The Manchester Museum, established in 1867 and owned by the University of Manchester, is the UK’s largest university museum, containing about 4.5 million items from around the world. Situated on Oxford Road (A34), at the heart of the university’s group of neo-Gothic buildings, it is a major visitor attraction and academic resource, and received about 430,000 visitors a year until its temporary closure for renovation and reconstruction in August 2021. It is anticipated that the museum will reopen in February 2023.
The museum’s first collections were assembled by the Manchester Society of Natural History, formed in 1821 with the purchase of the collection of the cotton manufacturer John Leigh Philips. The society established a museum in Peter Street, Manchester, and in 1850 the collections of the Manchester Geological Society, founded in 1838, were added. By the 1860s both societies encountered financial difficulties and, on the advice of the evolutionary biologist Thomas Huxley, Owens College (now the University of Manchester) accepted responsibility for the collections in 1867. The museum in Peter Street was sold in 1875 after Owens College moved to new buildings in Oxford Street.
The college commissioned Alfred Waterhouse, the architect of London’s Natural History Museum, to design a museum to house the collections for the benefit of students and the public on a site in Oxford Road (then Oxford Street); the Manchester Museum was opened to the public in 1888. At the time, the scientific departments of the college were immediately adjacent, and students entered the galleries from their teaching rooms in the Beyer Building.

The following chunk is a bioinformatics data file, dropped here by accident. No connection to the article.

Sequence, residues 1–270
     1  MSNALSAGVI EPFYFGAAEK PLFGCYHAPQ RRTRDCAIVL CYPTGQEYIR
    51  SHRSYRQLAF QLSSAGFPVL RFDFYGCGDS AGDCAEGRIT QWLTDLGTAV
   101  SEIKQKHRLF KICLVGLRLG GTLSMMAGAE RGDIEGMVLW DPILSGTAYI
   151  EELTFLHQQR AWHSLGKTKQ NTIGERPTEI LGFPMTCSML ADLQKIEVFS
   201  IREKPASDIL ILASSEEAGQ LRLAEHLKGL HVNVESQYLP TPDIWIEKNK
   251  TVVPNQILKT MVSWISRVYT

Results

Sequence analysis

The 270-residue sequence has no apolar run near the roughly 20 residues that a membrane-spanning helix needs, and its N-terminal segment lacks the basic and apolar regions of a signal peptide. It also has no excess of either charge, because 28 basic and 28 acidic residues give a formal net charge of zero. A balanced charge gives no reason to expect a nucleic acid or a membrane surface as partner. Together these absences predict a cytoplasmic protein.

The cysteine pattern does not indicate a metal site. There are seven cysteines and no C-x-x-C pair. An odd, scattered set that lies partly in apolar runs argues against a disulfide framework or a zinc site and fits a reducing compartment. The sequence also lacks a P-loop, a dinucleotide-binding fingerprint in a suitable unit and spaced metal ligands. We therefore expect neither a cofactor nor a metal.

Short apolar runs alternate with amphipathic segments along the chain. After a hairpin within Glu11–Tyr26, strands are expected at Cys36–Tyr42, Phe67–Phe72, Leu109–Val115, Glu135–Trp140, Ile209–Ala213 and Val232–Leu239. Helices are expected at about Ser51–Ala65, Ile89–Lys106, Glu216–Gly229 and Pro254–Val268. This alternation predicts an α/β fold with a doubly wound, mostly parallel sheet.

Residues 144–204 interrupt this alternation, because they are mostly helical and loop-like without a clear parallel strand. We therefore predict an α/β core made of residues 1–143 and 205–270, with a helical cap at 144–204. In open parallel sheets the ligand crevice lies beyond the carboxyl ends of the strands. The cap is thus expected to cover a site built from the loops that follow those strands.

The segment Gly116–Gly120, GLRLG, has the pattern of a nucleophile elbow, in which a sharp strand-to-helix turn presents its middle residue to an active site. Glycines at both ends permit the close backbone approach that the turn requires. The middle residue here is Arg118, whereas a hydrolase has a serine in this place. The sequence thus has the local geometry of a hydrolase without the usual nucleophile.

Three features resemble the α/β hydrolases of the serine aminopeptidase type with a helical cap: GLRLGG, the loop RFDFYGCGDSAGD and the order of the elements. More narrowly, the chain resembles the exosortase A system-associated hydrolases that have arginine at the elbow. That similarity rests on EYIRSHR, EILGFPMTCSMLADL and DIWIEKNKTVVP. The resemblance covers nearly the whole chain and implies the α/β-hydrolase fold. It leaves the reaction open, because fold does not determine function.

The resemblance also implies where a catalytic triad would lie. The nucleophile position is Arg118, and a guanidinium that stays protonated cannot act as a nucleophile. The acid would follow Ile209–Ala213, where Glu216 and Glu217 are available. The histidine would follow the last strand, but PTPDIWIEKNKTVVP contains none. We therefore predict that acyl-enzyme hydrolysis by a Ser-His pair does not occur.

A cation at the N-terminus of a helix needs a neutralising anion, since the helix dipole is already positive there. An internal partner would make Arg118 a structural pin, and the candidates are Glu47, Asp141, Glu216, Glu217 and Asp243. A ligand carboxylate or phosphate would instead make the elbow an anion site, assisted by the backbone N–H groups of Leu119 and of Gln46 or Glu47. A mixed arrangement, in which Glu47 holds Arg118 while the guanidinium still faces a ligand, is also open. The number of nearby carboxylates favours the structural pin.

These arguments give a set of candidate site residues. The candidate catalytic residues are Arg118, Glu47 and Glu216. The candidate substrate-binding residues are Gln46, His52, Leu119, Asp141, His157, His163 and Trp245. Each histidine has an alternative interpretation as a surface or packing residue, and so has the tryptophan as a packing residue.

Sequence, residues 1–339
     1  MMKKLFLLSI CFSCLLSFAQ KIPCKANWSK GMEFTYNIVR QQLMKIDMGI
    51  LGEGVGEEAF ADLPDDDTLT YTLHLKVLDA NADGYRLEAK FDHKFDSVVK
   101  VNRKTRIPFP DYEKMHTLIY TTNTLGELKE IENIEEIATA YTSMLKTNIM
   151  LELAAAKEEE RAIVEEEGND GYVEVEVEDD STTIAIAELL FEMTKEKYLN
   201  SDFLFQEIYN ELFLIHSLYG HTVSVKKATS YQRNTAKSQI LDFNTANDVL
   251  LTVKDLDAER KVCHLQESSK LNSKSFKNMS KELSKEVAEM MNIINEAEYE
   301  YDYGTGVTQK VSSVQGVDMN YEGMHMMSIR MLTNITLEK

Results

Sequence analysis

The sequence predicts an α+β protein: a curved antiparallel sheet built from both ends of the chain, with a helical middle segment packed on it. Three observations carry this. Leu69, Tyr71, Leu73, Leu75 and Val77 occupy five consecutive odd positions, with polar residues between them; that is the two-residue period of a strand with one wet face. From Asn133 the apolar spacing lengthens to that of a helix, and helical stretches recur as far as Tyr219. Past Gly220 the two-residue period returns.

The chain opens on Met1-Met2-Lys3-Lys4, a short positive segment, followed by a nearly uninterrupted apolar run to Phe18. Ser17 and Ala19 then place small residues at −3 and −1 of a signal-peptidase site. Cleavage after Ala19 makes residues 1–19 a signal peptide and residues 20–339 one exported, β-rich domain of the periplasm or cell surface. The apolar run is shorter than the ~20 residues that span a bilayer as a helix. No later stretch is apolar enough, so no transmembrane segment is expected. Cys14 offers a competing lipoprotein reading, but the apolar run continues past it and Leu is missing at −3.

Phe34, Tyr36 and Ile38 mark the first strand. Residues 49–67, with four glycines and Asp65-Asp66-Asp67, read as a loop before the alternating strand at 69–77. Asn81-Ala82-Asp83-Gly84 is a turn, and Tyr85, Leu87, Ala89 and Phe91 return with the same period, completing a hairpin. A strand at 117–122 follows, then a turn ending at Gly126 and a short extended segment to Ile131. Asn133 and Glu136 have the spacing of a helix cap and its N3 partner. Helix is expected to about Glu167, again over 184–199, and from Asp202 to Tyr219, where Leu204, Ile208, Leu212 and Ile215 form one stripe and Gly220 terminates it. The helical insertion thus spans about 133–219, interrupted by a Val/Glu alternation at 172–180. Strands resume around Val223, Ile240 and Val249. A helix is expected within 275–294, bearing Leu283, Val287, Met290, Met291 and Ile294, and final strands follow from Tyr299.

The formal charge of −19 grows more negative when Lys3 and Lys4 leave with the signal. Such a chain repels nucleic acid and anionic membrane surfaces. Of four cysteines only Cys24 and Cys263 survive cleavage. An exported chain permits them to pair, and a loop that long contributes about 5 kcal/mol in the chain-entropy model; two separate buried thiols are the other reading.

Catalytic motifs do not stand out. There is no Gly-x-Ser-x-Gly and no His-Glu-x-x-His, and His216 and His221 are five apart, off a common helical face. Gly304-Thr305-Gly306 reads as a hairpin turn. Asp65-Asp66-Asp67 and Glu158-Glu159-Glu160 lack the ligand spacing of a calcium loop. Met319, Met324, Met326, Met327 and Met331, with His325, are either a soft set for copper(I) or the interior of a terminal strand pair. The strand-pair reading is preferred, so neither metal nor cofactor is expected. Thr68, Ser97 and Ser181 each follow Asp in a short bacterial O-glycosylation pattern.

Two later extensions mirror the development of the museum’s collections. The 1912 pavilion was largely funded by Jesse Haworth, a textile merchant, to house the archaeological and Egyptological collections acquired through excavations he had supported; the 1927 extension was built to house the ethnographic collections. The Gothic Revival street frontage, which continues to the Whitworth Hall, has been ingeniously integrated by three generations of the Waterhouse family. When the adjacent University Dental Hospital of Manchester moved to a new site, its old building was used for teaching and subsequently occupied by the museum.